The single biggest challenge in selling a managed IT service has very little to do with the technology involved. Rather, it’s usually the pride of the internal IT organization that gets in the way of a more rational decision business decision being made. Nowhere is that paradox more apparent than in managed security services.
A new survey of 660 professionals involved in IT security conducted by Dimensional Research on behalf of Barracuda Networks finds that among the 70 percent of respondents that were impacted by some form of a phishing attack involving email, 43 percent spent time removing malware or viruses from systems. A third report credentials were stolen, while over a quarter (27 percent) confirmed their organization suffered some form of reputational damage. One-fifth also admit they experienced some form of direct monetary loss involving the transfer of funds, while 17 percent said some form of sensitive data has been lost.
The survey also notes that nearly a quarter (23 percent) experienced some form of an email attack that cost their organization more than $100,000 in the last 12 months. Almost half (48 percent) confirmed their organization had experienced some form of lost employee productivity from these attacks, while over a third (36 percent) said these attacks resulted in business disruption or actual downtime.
Internal IT teams don’t see a problem
When asked to rate their remediation capabilities, only 3 percent of the respondents rated themselves as being inadequate. A full 62 percent of respondents rated themselves as being either very good or excellent, while 35 percent said they are adequate in their ability to catch most attacks.
When asked about what specific email security technologies their organization had in place, not surprisingly 88 percent said they had virus and malware filters, followed by spam filters (85 percent). Reliance on more advanced forms for email security, however, start to substantially drop from there.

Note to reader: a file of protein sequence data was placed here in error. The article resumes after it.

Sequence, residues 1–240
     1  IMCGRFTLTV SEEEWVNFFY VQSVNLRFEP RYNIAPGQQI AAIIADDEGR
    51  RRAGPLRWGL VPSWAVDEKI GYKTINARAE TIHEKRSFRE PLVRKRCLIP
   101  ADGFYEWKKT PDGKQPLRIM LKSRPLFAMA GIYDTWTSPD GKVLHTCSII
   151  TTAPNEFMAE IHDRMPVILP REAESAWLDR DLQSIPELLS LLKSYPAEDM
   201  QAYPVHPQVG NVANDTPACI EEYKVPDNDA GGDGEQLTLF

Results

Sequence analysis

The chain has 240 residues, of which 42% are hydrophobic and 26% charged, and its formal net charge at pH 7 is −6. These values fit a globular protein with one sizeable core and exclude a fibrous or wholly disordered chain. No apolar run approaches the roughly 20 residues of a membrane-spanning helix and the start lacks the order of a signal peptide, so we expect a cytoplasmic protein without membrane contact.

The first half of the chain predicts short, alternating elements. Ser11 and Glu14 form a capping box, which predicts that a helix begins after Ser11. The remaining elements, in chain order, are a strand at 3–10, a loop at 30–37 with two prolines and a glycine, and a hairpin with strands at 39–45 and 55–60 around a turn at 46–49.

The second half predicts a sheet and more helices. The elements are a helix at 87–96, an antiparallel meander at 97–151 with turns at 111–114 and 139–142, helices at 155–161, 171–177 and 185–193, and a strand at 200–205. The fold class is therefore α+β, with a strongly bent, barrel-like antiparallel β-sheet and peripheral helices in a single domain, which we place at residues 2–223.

More than half make use of email authentication (68 percent), URL protection (57 percent), and computer-based training for employees (55 percent). Less than a third makes use of sandboxing (29 percent), automated incident response (25 percent), dedicated spear-phishing protection (23 percent) or account takeover protection (22 percent), all of which are usually part of a managed security service.
There’s a significant disconnect between the perceived capabilities on an internal IT team and true impact email-based attacks are having on the business. It would be fair to say that at least half the respondents to this survey would be better served by a managed security services provider (MSSP), especially when you consider the soft costs stemming from lost productivity and disruptions to the business.
The challenge MSSPs face is getting internal IT teams to come to terms with that reality. Internal IT teams often loath to admit that they need help for fear of being perceived as inadequate by rest of the business.
Internal IT teams often also determine cost only in terms of how much money is spent on products and staffing, rather than including total cost to the business. IT teams rarely factor in all the other things they could be doing, if they weren’t spending so much time cleaning up after a malware infestation.
MSSPs need to approach internal IT teams gingerly. Nobody likes to be told that somebody else is better at something than they are. The art of the conversation is to first show them how bad everybody else is. Only then, does it become easier for internal IT teams to admit that they could use a little extra help.
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